China’s growing good gives fears early on to the next growth of defaults


Investors ’growing investment in tremendous finances in China’s most economically fragile provinces has sparked a sell-off in government-run group bonds, as analysts have warned of a growth of defaults in the market. of the country’s $ 17tn credit.

The average yield on bonds issued by state-owned enterprises in six large provinces and municipalities suffering from weak finance jumped to more than 5 percent in the second quarter, from less than 3.5 percent a year ago. This contrasts with a national trend in which most SOE bond yields have fallen lower in the last six months. Yields increase when bond prices rise.

Financial stresses underscore how Covid-19 and China’s subsequent economic recovery have deepened the divide between the country’s more dynamic regional economies and its less developed ones. They also came as global investors increasingly scrutinized China’s bond market, where confidence was shaken by the series of defects related to the State.

The six regions that are closely monitored by investors – Hebei, Henan, Liaoning, Shanxi, Tianjin and Yunnan – have so far been able to avoid mass defaults while provincial authorities have intervened to prevent a handful of defaults from falling. in a more serious wave.

Across China, S&P estimates that Rmb4.2tn ($ 650bn) of bonds are due this year and also Rmb1tn in put options that give bondholders the right to early repayment.

While “only three” SOEs in these regions were omitted in March and April, such “silenced” defects may be “temporary,” analysts at Fitch Ratings wrote in a note.

“The secondary market price has already taken into account, to some extent, those growing default risks in those weaker regions,” said Shuncheng Zhang, Fitch analyst in Shanghai. “Some regions – such as Yunnan and Tianjin – have seen a fairly noticeable rise in secondary market output.”

Fears of rising deficits also come as investors increasingly question the Chinese authorities ’appetite to save SOEs in distress.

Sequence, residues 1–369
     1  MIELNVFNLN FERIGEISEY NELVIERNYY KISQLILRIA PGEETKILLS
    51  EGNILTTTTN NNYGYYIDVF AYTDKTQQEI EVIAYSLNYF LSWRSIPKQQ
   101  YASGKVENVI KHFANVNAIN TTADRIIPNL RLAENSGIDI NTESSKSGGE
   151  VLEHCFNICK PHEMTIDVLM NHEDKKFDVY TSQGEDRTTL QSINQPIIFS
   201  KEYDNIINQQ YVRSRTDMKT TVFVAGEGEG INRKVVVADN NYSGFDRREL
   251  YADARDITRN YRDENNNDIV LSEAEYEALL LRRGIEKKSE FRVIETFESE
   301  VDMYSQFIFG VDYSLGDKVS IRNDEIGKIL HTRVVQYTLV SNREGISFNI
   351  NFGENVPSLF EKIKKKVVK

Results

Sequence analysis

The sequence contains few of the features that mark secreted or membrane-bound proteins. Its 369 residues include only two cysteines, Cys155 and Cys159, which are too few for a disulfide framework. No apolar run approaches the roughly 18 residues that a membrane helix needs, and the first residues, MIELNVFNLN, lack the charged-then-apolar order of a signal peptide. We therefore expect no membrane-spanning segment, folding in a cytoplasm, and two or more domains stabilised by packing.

The pandemic has widened the finances of some regional governments, S&P Ratings analysts said, leaving fewer funds available for rescuing state-owned companies.

“SOE support is more selective, and tolerance for defaults is growing,” S&P analysts said. “This means an increased willingness to allow unprofitable SOEs to fail.”

Fitch analyst Jenny Huang said Beijing has been “very clear” about its intention to challenge the long-term hypothesis of state-linked lending and its investors that the government will intervene to support them. if they blame themselves.

Liu He, China’s vice premier and economic tsar of Xi Jinping, led a campaign where regulators intensified scrutiny of the country’s corporate debt market and added loans to debt-laden SOEs.

Beijing has tried to “test the water” with the gaps between SOEs and investors are looking closely at how a similar approach could be extended to institutions such as cash-strapped. investment groups that are linked to local governments, Huang added.

Analysts have said that, while there have been fewer Default of the Chinese enterprise this year, the scale of missed payments has grown.

In the first six months of 2021, 11 issuers with Rmb95bn of bonds were bankrupt, compared to 17 issuers and Rmb92bn in the first half of 2020, S&P said. Each borrower this year had on average three times the value of outstanding loans compared to 2017, and nine times that of 2015.

S&P analysts said “the gaps are getting higher and higher, with a greater impact on markets and investors.”

However, Huang said the risk of contagion from groups in weaker provinces to other parts of the Chinese financial system was “quite low” and was likely limited to “companies of similar profile.”



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